While we're at it, Amazon also lost ground, closing at $244.85, a loss of $2.64 (-1.07 percent), on heavy volume of 5.3 million shares.

*In the interest of full disclosure, the author holds a tiny, almost insignificant share in AAPL stock that was not an influence in the creation of this article.

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>Shares of AAPL traded lower on Thursday, ending the day at $632.64, down $1.974 (-1.86 percent)

1.86% is more than $1.974. Let’s try “down $11.97”


I don’t see a problem with Microsoftie’s pricing. It ain’t like hammering out droid phones in back of garages. These are tricky devices, costly devices, device chameleons with purpose from serious original study groups with veritable intent of spanking new design; with not a Facsimile Sam in the herd, not a Fagin on its board, and like a self-anointed Mosses, full with grand desires to lead the masses on its way. I am sure the lineups will be orderly.

Maybe pricing at cost or below would be compelling but there is also something compelling about paying to value. Sock drawer tosser this tablet will not be!
Value added reporting is to be found on the funny pages of neither Sterne nor Dvorak. For that we scramble to TMO, Gruber, ASYMCO, The Macalope . . . .


It’s possible that folks are taken in by the “Whole Widget” concept, knowing that Microsoft’s widgetality extends into Microsoft’s enterprise applications. They figure, well, MS Office comes with it, so an extra $100 is justified. Lack of the flappy-cover keyboard suits me; seriously, where can you ever find a flat, steady surface when your mobile. PSYCH!  Office 2013 RT’s license prohibits commercial use (like the student-teacher versions of 2010 and 2011). And whatever browser there is probably won’t work with sharepoint. Forget about full Outlook.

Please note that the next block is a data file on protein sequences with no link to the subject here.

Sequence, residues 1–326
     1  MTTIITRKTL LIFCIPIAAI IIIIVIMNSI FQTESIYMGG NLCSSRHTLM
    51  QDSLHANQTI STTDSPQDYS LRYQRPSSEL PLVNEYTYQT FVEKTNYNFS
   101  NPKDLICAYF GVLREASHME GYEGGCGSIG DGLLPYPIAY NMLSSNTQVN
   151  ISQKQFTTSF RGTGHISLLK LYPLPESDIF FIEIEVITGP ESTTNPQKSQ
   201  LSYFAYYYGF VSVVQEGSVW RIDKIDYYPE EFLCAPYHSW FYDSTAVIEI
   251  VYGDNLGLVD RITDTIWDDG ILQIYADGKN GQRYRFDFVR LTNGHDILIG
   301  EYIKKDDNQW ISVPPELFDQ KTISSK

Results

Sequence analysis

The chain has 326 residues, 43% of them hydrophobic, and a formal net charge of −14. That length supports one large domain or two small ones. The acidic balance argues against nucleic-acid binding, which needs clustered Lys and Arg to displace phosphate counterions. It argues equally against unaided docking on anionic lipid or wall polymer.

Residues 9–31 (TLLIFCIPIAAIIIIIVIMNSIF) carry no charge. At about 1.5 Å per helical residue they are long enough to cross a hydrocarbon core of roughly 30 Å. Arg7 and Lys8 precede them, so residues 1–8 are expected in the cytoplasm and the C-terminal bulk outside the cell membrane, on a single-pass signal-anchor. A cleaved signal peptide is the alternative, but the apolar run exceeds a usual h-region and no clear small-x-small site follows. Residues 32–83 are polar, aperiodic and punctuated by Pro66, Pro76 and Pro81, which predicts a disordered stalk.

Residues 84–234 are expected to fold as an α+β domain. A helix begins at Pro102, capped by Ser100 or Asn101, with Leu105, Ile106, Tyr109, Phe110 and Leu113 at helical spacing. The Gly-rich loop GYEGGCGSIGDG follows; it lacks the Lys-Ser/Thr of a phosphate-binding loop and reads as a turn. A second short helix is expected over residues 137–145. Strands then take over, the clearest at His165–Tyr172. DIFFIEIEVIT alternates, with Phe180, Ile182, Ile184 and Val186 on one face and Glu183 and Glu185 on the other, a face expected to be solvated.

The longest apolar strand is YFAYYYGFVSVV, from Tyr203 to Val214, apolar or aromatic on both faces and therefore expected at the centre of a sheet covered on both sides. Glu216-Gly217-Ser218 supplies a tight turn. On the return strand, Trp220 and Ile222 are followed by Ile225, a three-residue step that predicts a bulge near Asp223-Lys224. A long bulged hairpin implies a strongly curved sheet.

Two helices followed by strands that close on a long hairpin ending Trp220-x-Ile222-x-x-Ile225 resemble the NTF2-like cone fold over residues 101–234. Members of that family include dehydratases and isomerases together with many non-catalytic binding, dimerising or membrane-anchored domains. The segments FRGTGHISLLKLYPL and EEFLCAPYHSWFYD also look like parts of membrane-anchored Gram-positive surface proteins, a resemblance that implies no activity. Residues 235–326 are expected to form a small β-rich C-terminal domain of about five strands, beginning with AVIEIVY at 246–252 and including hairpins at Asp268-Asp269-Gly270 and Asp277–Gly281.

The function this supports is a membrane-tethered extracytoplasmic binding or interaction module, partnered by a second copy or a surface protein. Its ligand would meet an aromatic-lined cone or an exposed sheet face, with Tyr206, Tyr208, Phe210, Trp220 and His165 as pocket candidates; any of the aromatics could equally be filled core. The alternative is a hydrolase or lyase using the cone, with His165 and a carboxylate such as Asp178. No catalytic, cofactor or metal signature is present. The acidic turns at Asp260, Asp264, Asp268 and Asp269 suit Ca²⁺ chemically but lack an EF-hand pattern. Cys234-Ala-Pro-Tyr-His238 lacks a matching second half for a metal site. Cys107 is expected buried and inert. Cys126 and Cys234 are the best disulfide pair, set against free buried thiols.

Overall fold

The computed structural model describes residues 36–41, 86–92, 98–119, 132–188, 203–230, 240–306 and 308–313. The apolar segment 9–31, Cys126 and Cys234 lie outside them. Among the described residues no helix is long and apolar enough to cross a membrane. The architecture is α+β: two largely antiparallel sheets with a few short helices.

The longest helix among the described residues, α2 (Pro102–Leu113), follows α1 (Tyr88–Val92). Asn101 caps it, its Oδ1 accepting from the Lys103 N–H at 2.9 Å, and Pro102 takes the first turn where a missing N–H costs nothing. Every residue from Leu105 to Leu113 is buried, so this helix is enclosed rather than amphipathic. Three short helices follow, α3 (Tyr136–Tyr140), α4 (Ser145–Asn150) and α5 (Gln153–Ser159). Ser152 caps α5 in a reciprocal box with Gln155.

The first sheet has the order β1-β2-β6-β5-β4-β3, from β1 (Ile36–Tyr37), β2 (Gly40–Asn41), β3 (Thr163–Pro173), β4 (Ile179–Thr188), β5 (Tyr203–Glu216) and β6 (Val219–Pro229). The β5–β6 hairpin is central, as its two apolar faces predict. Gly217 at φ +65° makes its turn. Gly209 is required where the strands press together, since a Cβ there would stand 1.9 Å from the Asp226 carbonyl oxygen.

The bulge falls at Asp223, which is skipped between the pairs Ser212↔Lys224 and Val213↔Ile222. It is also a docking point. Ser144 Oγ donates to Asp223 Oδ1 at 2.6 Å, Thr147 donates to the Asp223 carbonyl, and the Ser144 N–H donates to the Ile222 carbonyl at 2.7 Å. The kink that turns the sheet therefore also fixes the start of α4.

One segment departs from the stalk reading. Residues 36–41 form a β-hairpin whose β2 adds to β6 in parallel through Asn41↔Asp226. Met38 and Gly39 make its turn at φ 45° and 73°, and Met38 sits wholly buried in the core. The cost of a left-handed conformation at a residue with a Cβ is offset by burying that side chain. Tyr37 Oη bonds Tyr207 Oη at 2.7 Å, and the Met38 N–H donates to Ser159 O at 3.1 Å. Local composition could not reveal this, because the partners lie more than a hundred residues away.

Dorje Sylas

$299 and cover? I think Mr. Wu is perhaps under estimating things just a tad.

Lets look at the facts of the device, keeping the iPad (actually iPad 2, I’ll get to that) in mind a reference point.

• 10.81 x 6.77 x 0.37in & 1.5lbs (iPad 2 9.50in x 7.31in x 0.34in & 1.33lbs)
• 1366x768 pixels ( 1024x768)
• 2 cameras 720p (1 720p, 1 VGA)
• NVIDIA T30 (A5)
• Windows RT (iOS 6)
• Full USB (30-pin dock)

If you look real hard the Surface RT is an iPad… more less. The Tegra 3 doesn’t have the same graphics *pow* of the A5, and this is I think were Microsoft is in perhaps more trouble then not. However for a 1st gen tablet MS is not off to real bad start here.

Now specs, as we know, only go so far. At 499 it needs to bring 100 dollars worth of additional value that an iPad 2 can’t bring (currently 399). Any tablet running against the iPad needs to cover three areas.

1. Responsiveness. This is an area that some Android OEMs have struggled with historically. Almost every review I’ve seen of Android tablets typically include a phrase along the lines of “not quite as responsive as the iPad.” If Window RT and the Surface are responsive at the same level as the iPad they’ve got a solid foot in the door at any price above $250.